In the final months of graduating my Bachelor’s degree, I have contemplated to do an Honours’ year. The downside to this was I had to do a thesis, and at that time, I totally detest research.
Fast-forward three years and I find myself choosing, voluntarily, to do a minor thesis. These past seven weeks, I find myself being stretched considerably. My boyfriend said, and I quote, ‘This is the first time I’ve seen you being a workaholic.’
Considering that this was just the beginning, I shudder. But I realise something else about myself: I actually quite enjoy the journey (thus far).
To be honest, if I decide to do a thesis straightaway after Bachelor’s, I’m pretty sure I’d crash and burn. At the moment, I’m truly grateful for the extra maturity that age, working experience and Master’s learning experience have given me. Thesis is hard. Research is hard. But it might actually be more fun than just doing coursework subjects.
For those of you who have no idea what it’s like to do thesis, let me try to explain.
You start with an idea of what you want to research in mind. During your first meeting with your supervisor, this idea would have been tossed away and replaced with ten more new ideas, all equally promising. By the second time you meet your supervisor, these ten ideas would be replaced with thirty new ones, and your supervisor would say that everything’s equally good but remember, not everything can be researched.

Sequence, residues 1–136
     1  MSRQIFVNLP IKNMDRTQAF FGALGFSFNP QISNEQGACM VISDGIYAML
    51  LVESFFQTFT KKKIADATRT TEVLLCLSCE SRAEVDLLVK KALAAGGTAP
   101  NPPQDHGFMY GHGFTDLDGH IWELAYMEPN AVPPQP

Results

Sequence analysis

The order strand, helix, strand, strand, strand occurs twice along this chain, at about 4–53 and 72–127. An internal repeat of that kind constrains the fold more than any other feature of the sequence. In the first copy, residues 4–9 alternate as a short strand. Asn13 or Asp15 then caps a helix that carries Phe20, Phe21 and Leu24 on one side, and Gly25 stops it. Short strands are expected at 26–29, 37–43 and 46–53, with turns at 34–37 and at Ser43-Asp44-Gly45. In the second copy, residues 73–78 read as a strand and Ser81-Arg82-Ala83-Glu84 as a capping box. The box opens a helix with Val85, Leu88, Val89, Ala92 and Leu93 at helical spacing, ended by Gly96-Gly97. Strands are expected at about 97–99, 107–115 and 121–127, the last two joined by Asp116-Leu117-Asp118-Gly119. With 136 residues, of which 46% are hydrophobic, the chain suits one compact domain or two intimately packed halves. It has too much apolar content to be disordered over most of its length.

So you begin with some false starts.
I started with wanting to research on the shifting genre trends in Young Adult literature. Since then, I have thought of researching on Harry Potter, dystopian books, controversy in content in YA literature and the new adult phenomenon.
At this stage, my working thesis title is this: Do Online Audience Make Bestsellers? Readers’ Emotional Engagement in Young Adult Literature and The Case of John Green’s Books.
Yes, it’s totally different to what it was.
(And if you’re interested, I can show you my research proposal.)
And you have to read. a. lot. of. journal. papers. You have to figure out how you’re going to analyse your research topic – how are you going to choose the data? What data analyses would you run? Which theoretical framework would you base your topic on?
Frankly, all my years of learning comms do not prepare me for this. It’s good that I used to major in Psychology, because I have some general knowledge on research. In comms, you are not taught about research. Seriously.
And weirdly, I find myself investing a lot in this thesis. Two weeks ago, I broke my no-work-on-weekend policy and ended up spending almost the whole Sunday typing 6000 words for my 4000-word research thesis proposal. I find myself being excited on the chance of meeting my supervisor and getting good feedback to the amount of work that I have put.
I guess working in Unimelb’s Research department influences this a little (or a lot).
Looking back, I find myself thinking, ‘It’s good that I don’t choose to do thesis back then, because I would totally hate it.’
So perhaps there really is a time for everything, and most of all, perhaps there’s always time to prove yourself wrong. Perhaps there’s time to surprise yourself.
I’m not sure what I’d say nine months down the road when I submit my thesis, but in the meantime, I’m happy to keep challenging myself and see how far I can go the distance.
Photo by Janneke Staaks, Creative Commons